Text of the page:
Good to see IndieCC progressing along.
I am wondering about a license platform which requires commercial users to pay $1/user/month via github sponsors, with a npm install script that checks the machine’s git config’s github username property (fallback to the machine’s git config’s email property) against the organisation’s github sponsors, with those who donate more than $1 month able to specify via a custom interface usernames/emails to shout.
Machines with no github username config property, and no git email config property would be permitted to run freely, as it is most likely CI, and if it is a user trying to do that to circumvent licensing, then that is an inconvenience on their part that they can incur.
Enforcement would just be the installation doing a warning of it being unlicensed.
This would get a lot of backlash no doubt, however it seems effective at having freeloaders pay or incur the cost of maintenance themselves.
I don’t consider lost usage from freeloaders here an issue, as they would then have to compete with the monetary consolidation from the non-freeloaders. Nor does a maintainer gain any benefit from freeloading, as dealing with them detracts maintainers from working on other ROI tasks. And if a company does do a hostile fork, then so be it, the indie dev can cut his losses and focus on something else, letting another entity foot the bill for the maintenance.
Finally, having had software I’ve written used by pretty much every corp size on the planet, without any ROI from them, it is about time that companies paid for the time donated to them through the commons by indie devs, rather than fleecing the indie devs. A few heavyweights behind it, and companies will be forced to at least acknowledge this current fleecing.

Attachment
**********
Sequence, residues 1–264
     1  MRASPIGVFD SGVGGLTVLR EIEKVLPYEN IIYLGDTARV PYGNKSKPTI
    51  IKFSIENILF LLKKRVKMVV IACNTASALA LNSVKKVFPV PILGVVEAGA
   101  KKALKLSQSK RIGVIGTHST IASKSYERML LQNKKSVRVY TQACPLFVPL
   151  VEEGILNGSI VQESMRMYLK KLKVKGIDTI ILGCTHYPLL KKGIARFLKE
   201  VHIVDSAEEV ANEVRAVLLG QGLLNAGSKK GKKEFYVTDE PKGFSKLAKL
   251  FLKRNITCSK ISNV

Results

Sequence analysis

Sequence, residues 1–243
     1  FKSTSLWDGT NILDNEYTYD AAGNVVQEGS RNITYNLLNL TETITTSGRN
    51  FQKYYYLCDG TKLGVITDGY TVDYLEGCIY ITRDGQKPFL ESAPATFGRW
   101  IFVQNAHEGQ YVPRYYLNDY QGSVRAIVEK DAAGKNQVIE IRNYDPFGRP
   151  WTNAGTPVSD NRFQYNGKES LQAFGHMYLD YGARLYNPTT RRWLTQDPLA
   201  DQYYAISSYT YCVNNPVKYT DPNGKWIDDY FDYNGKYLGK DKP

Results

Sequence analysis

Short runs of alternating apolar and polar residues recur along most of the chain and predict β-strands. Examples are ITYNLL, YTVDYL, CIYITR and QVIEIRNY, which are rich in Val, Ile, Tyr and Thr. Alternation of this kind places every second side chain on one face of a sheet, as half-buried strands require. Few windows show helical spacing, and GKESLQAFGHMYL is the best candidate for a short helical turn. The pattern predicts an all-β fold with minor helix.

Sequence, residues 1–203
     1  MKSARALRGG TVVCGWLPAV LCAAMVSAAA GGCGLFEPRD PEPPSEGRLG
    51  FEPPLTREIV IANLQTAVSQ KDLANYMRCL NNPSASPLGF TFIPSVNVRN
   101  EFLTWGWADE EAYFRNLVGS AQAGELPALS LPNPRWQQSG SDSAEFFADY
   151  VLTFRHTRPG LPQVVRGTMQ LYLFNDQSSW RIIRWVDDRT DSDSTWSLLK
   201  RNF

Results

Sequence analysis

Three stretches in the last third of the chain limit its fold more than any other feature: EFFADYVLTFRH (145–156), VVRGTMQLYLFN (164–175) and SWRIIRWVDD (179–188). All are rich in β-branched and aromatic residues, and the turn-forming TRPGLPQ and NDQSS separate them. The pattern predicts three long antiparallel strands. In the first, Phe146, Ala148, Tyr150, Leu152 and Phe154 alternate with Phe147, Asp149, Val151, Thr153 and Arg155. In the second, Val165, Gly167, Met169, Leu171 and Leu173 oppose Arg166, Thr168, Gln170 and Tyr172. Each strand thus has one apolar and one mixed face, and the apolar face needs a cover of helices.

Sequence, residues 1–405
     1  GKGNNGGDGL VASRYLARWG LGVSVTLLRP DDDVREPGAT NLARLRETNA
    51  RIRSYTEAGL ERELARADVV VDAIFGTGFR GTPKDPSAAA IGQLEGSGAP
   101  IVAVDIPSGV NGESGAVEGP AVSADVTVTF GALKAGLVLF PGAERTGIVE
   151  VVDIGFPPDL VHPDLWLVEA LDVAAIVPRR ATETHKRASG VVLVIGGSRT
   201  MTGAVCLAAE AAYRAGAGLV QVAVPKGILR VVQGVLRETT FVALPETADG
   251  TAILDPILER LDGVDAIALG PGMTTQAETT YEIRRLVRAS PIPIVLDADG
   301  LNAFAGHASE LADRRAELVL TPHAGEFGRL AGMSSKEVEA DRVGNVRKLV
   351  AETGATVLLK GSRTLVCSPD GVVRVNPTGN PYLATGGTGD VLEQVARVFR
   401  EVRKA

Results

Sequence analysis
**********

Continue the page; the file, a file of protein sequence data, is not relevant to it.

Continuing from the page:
For what is commercial usage here, I’m going with — be it closed source or open source, doesn’t matter, if the dev is deriving an income working on whatever it is they are installing of yours, then that counts — which is similar to the IndieCC definition.
An exception would be provided if the licensing costs would cause them financial hardship, such as those in debt or below their local poverty line, or hit by currency ratios.
An exception could also be made when the verifier detects the email/username has had a commit merged in the org.
To deal with the scalability of such a model, instead of every single dev now charging $1/month. I think what would likely happen is devs would consolidate themselves into cohorts, such as what Sindre has done under his name to financial success, or what Bevry has attempted. Then they would pool their resources according to different distribution schemes. As the dog eat dog world of open source is still the case, and the anti-competitive monopolistic forces won’t go away, so best for cohorts to find commune with a loyal fanbase to fend off or cooperate with other cohorts, than each tiny indie dev doing it themselves. I see the same package implemented several times, once in each large cohort, with consumption choice based on which ecosystem the consumer is down with.
Such distribution schemes could be:
- benevolent dictator takes all, manually distributes according to his will among contributors
- automated splits, eg.
- split proportionally amongst commit authors in the past x months
- 90% split evenly to maintainers, 10% split evenly to contributors, split by their proportional package installation count within the org.
- Commercial maintainers/contributors could opt out of the split, to make sure the funds go only towards those participating in the commons.
Posting here to solicit feedback and criticism. If it is an experiment that we want to run:
I can use bevry’s ecosystem as the testbed, starting with bevry’s antiquated orgs (docpad, browserstate, then eventually the bevry main org) however we should get a few other cohorts onboard too to force the hand to a compensated world, rather than just prompt a mass exodus to hostile forks
I would need help with the licensing terms, as I have no idea the considerations to phrase such a thing.
I can do the GitHub sponsors fetching and validation, no worries there